The answer to that question is something the family has been seeking for 30 years. Now demanding justice, the Wustenhoff children, Jennifer Lees, 44, Kevin Wustenhoff, 42, Melissa Scelsi, 40, and their mother, Fran Wustenhoff, are asking the public to come forward with details and information while also pleading with Suffolk County police to actively “reopen” the case.
“He was a dad, so involved with his family and he never missed out on anything. He was always there,” said Scelsi, also explaining that her father was not just a police officer but also a community man known for keeping an eye on the area and teaching children the dangers of drugs. “He was the coolest dad with long hair and an earring; funny, just the perfect dad.”
Now living in Smithtown with her husband and two children, Scelsi said she and her siblings were taken aback by the realization of the 30-year anniversary of their father’s death. In an epiphany of sorts, thinking about how people are more connected than ever before, through social media, a mere few weeks ago she set up a “Justice for Dennis J. Wustenhoff” Facebook page that has already garnered some 4,000-plus followers.
Scelsi noted that the family is convinced that their father’s killer is the same main person of interest from the 1990s, a living and now-retired Nassau County police officer whose motive is also there.
“His name is out there and the fact is he has motive and the means,” added Lees of her father’s potential killer. “He also allegedly made verbal threats to my dad, directly and indirectly.”
According to the Wustenhoff children, at that time, their father had a known affair with the wife of the other police officer, something their mother and father were working on as a couple.
“But that doesn’t define him. He wasn’t a bad person; he just made one bad choice in life and it doesn’t mean he deserved this,” Scelsi said of the affair. “He was actively trying to make their marriage better and came clean to my mother long before this happened.”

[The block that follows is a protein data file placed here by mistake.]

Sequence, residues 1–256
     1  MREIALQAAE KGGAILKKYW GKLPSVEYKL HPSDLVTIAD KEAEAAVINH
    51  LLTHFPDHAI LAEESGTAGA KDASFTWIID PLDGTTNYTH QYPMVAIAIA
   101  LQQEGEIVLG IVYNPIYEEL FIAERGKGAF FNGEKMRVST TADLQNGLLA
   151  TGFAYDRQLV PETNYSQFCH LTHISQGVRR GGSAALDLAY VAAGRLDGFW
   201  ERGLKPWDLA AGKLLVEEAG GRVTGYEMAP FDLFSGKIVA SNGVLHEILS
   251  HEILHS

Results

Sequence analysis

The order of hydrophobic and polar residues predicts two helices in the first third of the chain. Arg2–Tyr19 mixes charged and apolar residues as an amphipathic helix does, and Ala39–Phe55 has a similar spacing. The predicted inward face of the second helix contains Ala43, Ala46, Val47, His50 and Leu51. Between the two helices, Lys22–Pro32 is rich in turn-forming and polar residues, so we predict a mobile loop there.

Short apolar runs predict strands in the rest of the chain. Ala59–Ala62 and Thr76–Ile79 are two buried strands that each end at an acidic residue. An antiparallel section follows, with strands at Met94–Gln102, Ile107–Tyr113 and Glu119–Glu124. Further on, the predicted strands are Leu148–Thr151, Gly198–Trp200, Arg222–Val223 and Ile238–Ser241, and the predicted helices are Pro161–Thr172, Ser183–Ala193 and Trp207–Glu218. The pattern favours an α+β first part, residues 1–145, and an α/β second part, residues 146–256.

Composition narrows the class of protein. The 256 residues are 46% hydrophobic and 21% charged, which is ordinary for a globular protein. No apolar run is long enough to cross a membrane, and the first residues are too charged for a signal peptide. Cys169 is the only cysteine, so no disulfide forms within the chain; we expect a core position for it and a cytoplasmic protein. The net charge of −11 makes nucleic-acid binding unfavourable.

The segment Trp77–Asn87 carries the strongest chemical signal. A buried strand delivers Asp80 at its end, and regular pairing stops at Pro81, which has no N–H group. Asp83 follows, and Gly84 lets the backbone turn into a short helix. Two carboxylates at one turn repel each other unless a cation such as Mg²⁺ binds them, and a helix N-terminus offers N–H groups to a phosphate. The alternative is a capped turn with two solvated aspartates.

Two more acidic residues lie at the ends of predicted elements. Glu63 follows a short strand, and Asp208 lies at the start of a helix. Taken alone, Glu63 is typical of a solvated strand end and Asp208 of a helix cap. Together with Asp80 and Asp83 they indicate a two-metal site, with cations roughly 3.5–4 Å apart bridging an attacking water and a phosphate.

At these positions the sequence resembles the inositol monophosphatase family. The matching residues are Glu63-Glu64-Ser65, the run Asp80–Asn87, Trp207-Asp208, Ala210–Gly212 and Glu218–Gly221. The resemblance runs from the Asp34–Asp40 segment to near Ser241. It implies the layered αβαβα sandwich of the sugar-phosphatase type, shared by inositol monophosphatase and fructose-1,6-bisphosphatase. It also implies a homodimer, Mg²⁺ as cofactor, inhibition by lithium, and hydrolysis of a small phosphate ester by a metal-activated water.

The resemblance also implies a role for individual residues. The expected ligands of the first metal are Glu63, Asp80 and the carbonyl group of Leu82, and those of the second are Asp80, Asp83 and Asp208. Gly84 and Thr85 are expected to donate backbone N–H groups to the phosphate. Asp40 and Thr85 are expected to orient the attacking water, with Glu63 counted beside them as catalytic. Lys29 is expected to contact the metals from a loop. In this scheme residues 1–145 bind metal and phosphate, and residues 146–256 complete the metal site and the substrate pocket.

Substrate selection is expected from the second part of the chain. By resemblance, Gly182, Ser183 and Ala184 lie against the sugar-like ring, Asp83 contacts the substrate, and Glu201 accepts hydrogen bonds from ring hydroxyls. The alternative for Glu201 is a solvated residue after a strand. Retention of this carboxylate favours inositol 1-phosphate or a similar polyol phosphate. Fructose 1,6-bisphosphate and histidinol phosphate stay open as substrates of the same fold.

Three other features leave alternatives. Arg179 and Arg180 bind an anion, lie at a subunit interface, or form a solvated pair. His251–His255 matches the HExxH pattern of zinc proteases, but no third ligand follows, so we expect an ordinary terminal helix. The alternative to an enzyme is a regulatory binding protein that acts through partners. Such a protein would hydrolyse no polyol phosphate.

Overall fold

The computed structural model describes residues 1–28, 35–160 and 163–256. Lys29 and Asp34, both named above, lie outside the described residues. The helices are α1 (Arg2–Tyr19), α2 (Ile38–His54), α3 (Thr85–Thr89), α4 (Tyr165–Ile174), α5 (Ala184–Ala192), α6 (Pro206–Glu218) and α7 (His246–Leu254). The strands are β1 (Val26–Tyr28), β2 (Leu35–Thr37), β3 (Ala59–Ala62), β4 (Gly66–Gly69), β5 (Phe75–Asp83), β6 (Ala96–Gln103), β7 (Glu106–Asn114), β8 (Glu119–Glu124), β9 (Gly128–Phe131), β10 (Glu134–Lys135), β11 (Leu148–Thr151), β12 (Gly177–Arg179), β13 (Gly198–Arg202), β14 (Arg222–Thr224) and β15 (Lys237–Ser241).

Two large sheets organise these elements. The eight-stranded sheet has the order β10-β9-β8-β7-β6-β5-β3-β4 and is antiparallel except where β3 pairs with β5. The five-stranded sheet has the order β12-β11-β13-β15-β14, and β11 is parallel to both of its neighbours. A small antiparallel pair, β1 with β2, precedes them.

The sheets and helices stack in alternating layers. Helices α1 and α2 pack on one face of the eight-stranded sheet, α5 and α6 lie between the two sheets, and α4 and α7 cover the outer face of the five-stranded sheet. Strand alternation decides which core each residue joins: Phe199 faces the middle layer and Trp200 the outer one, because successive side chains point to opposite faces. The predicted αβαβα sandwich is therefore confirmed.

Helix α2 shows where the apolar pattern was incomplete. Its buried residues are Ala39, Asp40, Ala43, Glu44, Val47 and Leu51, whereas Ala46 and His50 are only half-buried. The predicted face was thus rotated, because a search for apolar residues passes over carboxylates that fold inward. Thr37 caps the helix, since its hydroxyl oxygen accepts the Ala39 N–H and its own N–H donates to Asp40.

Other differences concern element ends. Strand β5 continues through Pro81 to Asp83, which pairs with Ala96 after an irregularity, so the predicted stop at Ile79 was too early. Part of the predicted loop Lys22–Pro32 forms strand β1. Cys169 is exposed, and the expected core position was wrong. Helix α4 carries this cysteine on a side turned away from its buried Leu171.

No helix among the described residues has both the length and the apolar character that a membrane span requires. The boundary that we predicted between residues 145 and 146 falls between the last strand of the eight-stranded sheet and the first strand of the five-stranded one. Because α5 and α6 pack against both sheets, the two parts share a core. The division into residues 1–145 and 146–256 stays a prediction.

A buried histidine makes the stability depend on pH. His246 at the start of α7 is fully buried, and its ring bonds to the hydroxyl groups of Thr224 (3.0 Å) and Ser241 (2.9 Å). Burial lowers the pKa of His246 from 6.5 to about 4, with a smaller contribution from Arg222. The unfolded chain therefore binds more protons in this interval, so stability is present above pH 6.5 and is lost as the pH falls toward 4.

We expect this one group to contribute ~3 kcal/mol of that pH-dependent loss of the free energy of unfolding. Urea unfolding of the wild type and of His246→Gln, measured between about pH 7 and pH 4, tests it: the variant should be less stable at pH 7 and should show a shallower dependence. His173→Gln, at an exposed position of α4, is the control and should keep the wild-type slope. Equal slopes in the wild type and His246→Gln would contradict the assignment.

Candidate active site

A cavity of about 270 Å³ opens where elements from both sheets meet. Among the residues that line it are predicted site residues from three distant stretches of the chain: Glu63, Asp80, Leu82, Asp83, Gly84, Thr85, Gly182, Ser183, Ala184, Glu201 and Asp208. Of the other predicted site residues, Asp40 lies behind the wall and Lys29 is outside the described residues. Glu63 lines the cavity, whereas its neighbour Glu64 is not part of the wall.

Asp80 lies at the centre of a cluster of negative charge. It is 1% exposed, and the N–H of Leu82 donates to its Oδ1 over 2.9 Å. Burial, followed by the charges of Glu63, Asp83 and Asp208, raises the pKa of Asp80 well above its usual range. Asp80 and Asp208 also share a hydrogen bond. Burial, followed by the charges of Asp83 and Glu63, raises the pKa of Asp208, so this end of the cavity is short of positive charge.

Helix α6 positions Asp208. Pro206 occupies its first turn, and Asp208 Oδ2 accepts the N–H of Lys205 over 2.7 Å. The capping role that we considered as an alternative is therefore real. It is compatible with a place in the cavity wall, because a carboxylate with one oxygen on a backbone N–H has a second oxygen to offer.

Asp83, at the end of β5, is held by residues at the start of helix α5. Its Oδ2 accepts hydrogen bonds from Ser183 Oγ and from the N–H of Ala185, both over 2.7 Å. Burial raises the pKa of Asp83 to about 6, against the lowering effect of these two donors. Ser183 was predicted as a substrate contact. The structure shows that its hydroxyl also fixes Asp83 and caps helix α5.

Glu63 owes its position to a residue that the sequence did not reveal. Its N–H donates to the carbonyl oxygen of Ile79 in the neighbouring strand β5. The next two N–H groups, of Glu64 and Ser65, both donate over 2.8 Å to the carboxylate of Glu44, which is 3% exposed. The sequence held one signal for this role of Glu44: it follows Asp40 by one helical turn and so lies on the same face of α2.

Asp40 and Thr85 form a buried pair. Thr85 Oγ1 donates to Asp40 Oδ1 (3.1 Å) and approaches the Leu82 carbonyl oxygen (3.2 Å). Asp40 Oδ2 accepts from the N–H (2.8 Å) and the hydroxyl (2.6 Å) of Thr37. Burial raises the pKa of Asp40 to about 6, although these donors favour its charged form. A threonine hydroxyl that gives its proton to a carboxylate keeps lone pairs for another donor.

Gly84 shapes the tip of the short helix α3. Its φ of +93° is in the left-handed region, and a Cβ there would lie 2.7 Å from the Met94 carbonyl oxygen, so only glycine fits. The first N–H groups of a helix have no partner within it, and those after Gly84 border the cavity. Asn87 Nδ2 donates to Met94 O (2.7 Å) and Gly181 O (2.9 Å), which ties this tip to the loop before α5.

Kevin Wustenhoff also said that their mother has since forgiven their father and attributed the affair to the high-stress life he led. Scelsi also noted that the man in question had the capability as well as motive, having had worked in the emergency services unit with access to the type of bomb used.
According to initial reports, by the following week a search warrant was granted for the Bethpage home of 43-year-old Nassau police officer Robert Horan. Based on the Long Island Advance’s Feb. 22, 1990 story, titled “Car bomb may have been placed by cop,” a second team of detectives questioned Horan in Cooperstown, N.Y., where he had been vacationing with his wife and two children since that Saturday in 1990. No charges were filed against him and no arrest was ever made.
A Nassau police spokesman confirmed today that Nassau County Police Officer Robert Horan is a suspect, although no arrest has been made in the slaying.
A second source, also involved in the investigation and who also spoke on condition of anonymity, said Tuesday that the victim, Suffolk County Police Officer Dennis Wustenhoff, 41, allegedly was involved with Horan’s wife, a federal Drug Enforcement Administration employee.
Two days after law-enforcement officials identified a Nassau County police officer as a prime suspect in the fatal car-bombing of a Suffolk County narcotics detective last week, investigators today continued seeking evidence to prove their suspicions.
Suffolk detectives questioned the officer identified Tuesday as the suspect, Robert Horan, but there has been no arrest. A lawyer representing Officer Horan, Stephen P. Scaring, said his client denied any involvement in the killing of Detective Dennis Wustenhoff.
Mr. Scaring said that from what he knew of the physical evidence that county and Federal forensic experts had collected from the officer's home in Bethpage, there was nothing to support an arrest or an indictment.
''If they had a case, I think they would have made it by now,'' said Mr. Scaring, a former chief of the Nassau County District Attorney's Homicide Bureau. ''They have moved precipitously on this one.''
Conservative blogs are refused advertising by the major sites like Facebook, Google, etc. We depend on affiliate programs like the ones you see listed here.